jbarber wrote:

Turn on auto-iso, manual mode, f8 with 1/1000. This will hold and the iso will float according to the light. Beware if you have safety-shift on for it will change your settings to get the right exposure-this may be one of your current problems.

I use this set-up all the time with my 7D/100-400 and just adjust the shutter speed as I see fit. Static scenes you can drop it to 1/500 and get a lower iso.

That's exactly how I operate my 7D in limited-light situations (I will use Av-pri at base or low ISO with ample light and/or static subjects). I only wish that fill-flash worked with auto-ISO, and an EC (ISO bias) control would be nice, too.

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Keith Z Leonard
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Re: Photographing Wildlife
In reply to jbettis, Jul 8, 2012

+1 for auto ISO, this is where it's useful. In daylight you should get very good images to ISO 1600 and acceptable to 3200 with the 7D, I would think. I've even had a few ISO 6400 shots turn out nicely.

Av doesn't afford the control you want. In the end shutter speed is paramount in shooting wildlife, and you are under pressure to get the shot in the moment. Knowing how to use your metering (spot for the subject, for instance) and using M with auto ISO isn't a bad way to go in my opinion.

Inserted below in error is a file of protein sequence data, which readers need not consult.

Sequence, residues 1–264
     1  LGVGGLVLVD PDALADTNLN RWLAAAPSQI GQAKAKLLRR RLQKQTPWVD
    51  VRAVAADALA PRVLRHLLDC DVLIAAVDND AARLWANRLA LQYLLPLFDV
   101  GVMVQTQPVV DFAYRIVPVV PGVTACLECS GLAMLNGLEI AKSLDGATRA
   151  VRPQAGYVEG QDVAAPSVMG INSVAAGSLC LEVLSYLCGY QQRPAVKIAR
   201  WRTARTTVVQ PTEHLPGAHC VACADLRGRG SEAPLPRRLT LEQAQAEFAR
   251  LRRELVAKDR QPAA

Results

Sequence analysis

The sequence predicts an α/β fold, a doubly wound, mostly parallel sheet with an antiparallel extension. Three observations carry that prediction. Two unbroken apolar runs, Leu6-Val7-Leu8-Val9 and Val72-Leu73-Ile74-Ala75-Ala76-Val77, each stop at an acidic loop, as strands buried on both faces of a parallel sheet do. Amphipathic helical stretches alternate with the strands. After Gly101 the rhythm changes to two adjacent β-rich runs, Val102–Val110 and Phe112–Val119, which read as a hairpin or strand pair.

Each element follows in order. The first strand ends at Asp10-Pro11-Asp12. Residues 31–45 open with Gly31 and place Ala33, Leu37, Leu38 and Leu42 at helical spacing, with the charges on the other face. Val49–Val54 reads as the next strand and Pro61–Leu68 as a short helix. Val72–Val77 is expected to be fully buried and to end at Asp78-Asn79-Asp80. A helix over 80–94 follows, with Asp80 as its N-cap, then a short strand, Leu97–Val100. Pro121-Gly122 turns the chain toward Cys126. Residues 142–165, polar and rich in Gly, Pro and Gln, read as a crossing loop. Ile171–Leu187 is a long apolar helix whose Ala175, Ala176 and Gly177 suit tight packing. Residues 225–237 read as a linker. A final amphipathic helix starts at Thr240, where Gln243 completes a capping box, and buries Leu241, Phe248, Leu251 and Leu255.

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TTMartin
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Re: Photographing Wildlife
In reply to jbettis, Jul 9, 2012

Actually, before you do anything else.

Do a reset camera settings and a reset custom functions from the menu.

You have no idea what the previous owner had set in the camera. Take the camera back to its default settings and see how things are then.

Do not change any custom functions or camera menu settings unless you know for sure what they do. Test the camera before and after making the change so you are sure you are making the change that you expect.

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old age adventurers
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Re: Photographing Wildlife
In reply to jbettis, Jul 9, 2012

First have a wonderful trip.

you have good equipment with a lot of potential. My problem with the 7D is the noise at higher ISO values. Shooting in Africa and its bright light allows low ISO values a lot of the time & still high speed for action shots.

Problem is of course the golden light at sunrise & sunset . I see much more noise with the 7D than my 1DIV at ISO levels above 400. So if possible rather open the aperture wide open in low light. This becomes a problem of course if need depth of field plus speed when e.g. 4 cubs play fighting at sunrise. decisions decisions, but that is what makes wildlife photography such a wonderful & beautiful challenge. We will also have another go at in the next 4 months .

Examples of our low light successes & failures with the 1DIV & 7D are shown in our over 500 mammal, bird, & landscape photos on http://www.africaraw.com